In lacrosse, the team composition on the field consists of ten players, each playing a specific and crucial role. The offensive segment is made up of three attackers, who are mainly responsible for scoring goals and are typically positioned near the opponent’s goal. The team’s midfield unit comprises three players, who are versatile in their ability to play both offense and defense, often covering significant ground to transition the ball between the attackers and defenders. The defensive line has three players, focused on protecting the team’s goal area and preventing the opposition from scoring, in coordination with the goalie. The goalie, as the last line of defense, has the critical task of guarding the goal, making key saves, and initiating the team’s offensive moves.

On the other hand, a field hockey team on the field consists of eleven players. This includes four forward line members, who lead the attack and are often the primary goal-scorers. The midfield is composed of three players, similar to lacrosse, playing a dual role in supporting both offense and defense, and controlling the game’s pace. Three players make up the defensive unit, tasked with blocking opponent attacks and shielding their goal area. The goalkeeper, a vital player in the team, is responsible for defending the goal, making crucial saves, and often directing the defensive strategy.

Gender Differences in Lacrosse and Field Hockey

As well as differences between field hockey and lacrosse, there are differences even still between genders within field hockey and lacrosse.

Differences Between Men’s and Women’s Lacrosse

Women and Men’s lacrosse have many differences in the rules of play. Physical contact is the biggest difference between the two sports. Body checking is legal in the men’s game, but it is not in the women’s game. Because the women lacrosse players do not have physical contact in their sport, they do not need  the same amount of protective gear worn in men’s play.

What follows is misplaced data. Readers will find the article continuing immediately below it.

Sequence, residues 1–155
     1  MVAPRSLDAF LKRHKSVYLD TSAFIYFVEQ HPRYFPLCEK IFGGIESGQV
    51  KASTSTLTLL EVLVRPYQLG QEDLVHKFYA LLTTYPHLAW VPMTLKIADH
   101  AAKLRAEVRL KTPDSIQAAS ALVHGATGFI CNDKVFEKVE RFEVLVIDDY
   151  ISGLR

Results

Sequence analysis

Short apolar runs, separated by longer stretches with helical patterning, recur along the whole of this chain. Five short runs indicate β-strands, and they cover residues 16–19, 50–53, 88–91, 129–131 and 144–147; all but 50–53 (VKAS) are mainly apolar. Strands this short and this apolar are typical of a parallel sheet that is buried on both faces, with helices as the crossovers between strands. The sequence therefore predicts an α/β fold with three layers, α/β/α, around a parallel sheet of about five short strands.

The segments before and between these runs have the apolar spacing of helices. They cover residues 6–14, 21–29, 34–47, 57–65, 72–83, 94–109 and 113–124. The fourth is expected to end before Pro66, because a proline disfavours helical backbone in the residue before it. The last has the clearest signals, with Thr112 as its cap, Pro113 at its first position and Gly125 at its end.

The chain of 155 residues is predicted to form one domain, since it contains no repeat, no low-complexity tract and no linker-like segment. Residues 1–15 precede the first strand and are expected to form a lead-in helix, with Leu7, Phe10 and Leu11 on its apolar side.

The pockets on women’s lacrosse sticks have strung nets instead of the mesh nets found in men’s sticks. Women’s lacrosse requires that the top of the ball remain above the sidewall if and when it’s in the pocket. These differences make shooting and stickhandling in women’s lacrosse more difficult than in men’s lacrosse.

In men’s lacrosse, the field is 110 yards long by 60 years wide. The women’s field is a little bit larger at 120 yards long by 70 yards wide, which helps accommodate the two extra players women are allowed in their game.

Differences Between Men’s and Women’s Field Hockey

Women and Men’s Field Hockey have very few differences because field hockey is primarily viewed as a women’s sport in the United States. Men do not have the opportunity to play field hockey in college, but they do have the opportunity to play on the USA International team. Field hockey is used as a Title IX sport in the US to offset the number of men who play football.

Experience the Differences Between Lacrosse and Field Hockey Yourself

Now that you know the differences between lacrosse and field hockey, it’s time to experience them for yourself. Every year, GameBreakers Lacrosse Camps hosts women’s and men’s lacrosse camps all across the country. Learn more about our camps and our staff to see why we host the best lacrosse camps for all ages and skill levels.